Thursday, multinational chains such as McDonalds, Starbucks and
Gap will face a new wave of actions against their homogenisation
of our high streets. Though these protests will not come from rowdy
mobs of anti-World Trade Organisation campaigners, but rather from
polite, well-spoken gents garbed in bespoke tweeds and elegant brogues.
may sound like an unlikely attempt by elements within the Countryside
Alliance to clamber aboard the anti-WTO bandwagon or simply flush
out a few urban foxes from behind the bins of these establishments,
but it is actually the first wave of direct action by a group who
wish to see good manners, real food and fine tailoring restored
to our city centres.
under the banner 'Civilise the City' these self-styled
'Chaps' will disrupt the normal day's business
at global chains by enquiring as to the availability of devilled
kidneys in fast food outlets and asking to be measured by the head
cutter at retailers more used to dealing with S,M,L or XL than inside
legs. Neatly-printed banners with slogans such as 'give three-piece
a chance' and 'all proper tea is best' have been
manufactured in preparation for the day that promises to turn the
tide on the progression of uncouth behaviour in the UK.
this protest are Gustav Temple and Vic Darkwood, the mildly eccentric
and always well-turned-out editors of that other gentlemen's
quarterly, The Chap magazine. A kind of Dada-dandyist journal celebrating
the likes of David Niven and Stephen Fry, as well as giving tips
on everything from choosing a manservant to pipe-smoking and trouser
semaphore, The Chap often has its tongue lodged as firmly in its
cheek as its editors' feet are in their hand-stitched shoes.
But, that said, the pair they do seem deadly serious about initiating
a return to civility, even if they do plan to employ faintly ridiculous
methods to highlight their cause.
for the Chaps to arrive at our allotted meeting place outside Selfridges
on London's Oxford Street I do feel somewhat conspicuous in
my second-hand tweed three-piece. Temple and Darkwood had invited
me to join them as an initiate to their cause on a trial run of
Civilise the City and issued strict instructions that they wouldn't
like to be seen around town with anyone wearing jeans and trainers.
are not home to Messrs Adidas and Nike," Temple had admonished
me on the telephone. "As Wilde said: 'To be a work of
art you must wear a work of art'."
to undo the top button of my shirt, as my work of art is already
to feel a little uncomfortable, but fearing that the duo may be
checking my sartorial suitability from a distance I put up with
they arrive (precisely on time, of course) Temple is toting a cane
and wearing a green trilby whilst Darkwood sports dark tweeds and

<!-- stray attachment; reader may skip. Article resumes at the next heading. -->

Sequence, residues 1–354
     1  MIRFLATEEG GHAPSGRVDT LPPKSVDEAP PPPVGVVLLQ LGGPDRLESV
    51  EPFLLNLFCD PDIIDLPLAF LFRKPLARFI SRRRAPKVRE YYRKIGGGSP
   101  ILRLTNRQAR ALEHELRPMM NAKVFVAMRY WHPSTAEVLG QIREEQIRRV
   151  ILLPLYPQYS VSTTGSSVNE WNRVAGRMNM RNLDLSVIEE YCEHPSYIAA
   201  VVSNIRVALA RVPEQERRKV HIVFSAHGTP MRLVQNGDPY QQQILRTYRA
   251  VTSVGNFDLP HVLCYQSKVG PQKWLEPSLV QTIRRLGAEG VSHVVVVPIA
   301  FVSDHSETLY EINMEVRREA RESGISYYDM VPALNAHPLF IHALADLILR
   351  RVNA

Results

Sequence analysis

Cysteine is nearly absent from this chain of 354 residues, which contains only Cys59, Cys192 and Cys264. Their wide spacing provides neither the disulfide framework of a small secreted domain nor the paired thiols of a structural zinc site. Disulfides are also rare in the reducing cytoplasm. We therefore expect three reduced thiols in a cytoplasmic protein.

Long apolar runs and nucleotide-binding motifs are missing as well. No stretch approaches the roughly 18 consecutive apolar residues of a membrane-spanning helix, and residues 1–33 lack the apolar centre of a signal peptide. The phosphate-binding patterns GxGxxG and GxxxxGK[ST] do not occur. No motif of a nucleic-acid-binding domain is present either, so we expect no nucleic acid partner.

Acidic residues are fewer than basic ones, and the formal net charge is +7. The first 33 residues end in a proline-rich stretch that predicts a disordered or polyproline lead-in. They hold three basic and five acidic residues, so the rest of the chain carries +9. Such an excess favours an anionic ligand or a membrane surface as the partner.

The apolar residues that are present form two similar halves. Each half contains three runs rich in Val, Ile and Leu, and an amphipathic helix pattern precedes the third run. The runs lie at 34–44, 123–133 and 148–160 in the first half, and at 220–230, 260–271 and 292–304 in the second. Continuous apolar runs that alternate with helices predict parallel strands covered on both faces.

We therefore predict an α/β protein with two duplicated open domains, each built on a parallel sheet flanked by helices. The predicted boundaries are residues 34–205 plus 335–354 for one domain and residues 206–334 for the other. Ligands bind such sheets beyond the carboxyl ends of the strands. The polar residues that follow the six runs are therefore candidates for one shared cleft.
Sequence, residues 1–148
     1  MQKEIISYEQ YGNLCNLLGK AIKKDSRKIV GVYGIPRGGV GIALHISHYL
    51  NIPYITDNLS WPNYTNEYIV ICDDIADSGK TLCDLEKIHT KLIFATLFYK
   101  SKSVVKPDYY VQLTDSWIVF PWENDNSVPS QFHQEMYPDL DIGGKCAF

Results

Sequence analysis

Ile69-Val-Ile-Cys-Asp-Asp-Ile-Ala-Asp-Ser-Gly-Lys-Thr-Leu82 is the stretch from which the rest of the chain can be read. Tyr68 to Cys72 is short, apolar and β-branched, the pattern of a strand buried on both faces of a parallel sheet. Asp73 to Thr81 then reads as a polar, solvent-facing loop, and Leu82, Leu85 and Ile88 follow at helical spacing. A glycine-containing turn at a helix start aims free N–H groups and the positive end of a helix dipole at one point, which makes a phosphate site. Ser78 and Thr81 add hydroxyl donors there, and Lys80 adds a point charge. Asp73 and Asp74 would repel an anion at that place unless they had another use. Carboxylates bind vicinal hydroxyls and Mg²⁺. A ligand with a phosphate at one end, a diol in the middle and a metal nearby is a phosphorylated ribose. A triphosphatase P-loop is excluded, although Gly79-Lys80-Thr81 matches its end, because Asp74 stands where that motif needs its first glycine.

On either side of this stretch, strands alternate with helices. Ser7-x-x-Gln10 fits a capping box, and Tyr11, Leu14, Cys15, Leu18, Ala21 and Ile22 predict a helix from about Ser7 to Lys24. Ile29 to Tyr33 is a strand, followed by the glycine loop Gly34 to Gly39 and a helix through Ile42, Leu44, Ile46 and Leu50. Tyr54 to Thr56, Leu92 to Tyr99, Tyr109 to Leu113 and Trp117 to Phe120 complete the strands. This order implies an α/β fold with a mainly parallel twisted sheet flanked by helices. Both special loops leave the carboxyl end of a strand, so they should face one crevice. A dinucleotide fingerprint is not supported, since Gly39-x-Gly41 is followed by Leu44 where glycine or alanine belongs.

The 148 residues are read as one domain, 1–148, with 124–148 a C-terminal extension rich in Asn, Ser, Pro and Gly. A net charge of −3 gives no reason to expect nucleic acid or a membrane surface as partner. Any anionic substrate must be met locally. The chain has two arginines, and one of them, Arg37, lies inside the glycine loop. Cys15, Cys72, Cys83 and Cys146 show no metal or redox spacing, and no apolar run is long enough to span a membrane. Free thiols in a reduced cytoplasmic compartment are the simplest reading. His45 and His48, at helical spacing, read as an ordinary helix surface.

swings a full-length umbrella. Both carry pipes and are dressed
as if they have arrived from the 1940s rather than from Bond Street
tube station, so at least I don't feel that I personally stand
out quite so much any more. As we retire to a café in the
department store Temple looks me up and down, examining my hastily
assembled outfit. I had been worried about wearing brown in town,
but he assures me that such adages are now outdated.
are doing exceptionally well," he says. "One criticism
is that you are wearing black shoes with a tweed suit. It is wrong,
though some eccentrics will deliberately wear them."
then spots that I am not wearing cufflinks, but the pair let this
pass and decide that I am elegant enough to join them on a stroll
through the thoroughfare that they feel best represents what they
are up against. Just before we leave, Tony Parsons walks by and
Darkwood hoots derision at his black leather blouson. Even after
such a short spell in the company of the Chaps I can tell that his
attire is suitable only for a stint selling fruit on Berwick Street
market and not the sort of thing that a supposed man of style should
be caught wearing.
thought it was a German tourist," says Temple cattily.
east along Oxford Street we come across the EasyEverything Internet
café, a large, uninspiring room filled with computer screens
that is situated above a foul-smelling Subway sandwich bar. Following
Temple and Darkwood in to the building I wonder if they simply need
to check their email but then remember that they tend to shun electronic
communication in favour of something far more likely to involve
vellum and a Mont Blanc.
we reach the top of the stairs it becomes apparent that the pair
intend to turn the emphasis from chat rooms to Chappism as Temple
doffs his hat before attempting to speak philosophy with some of
the foreign students who seem to make up the majority of EasyEverything's
clientele. Most shift uneasily in their seats, though one does warily
pass the time of day for a few minutes before Temple shakes his
hand and invites him to "get on with watching your television".
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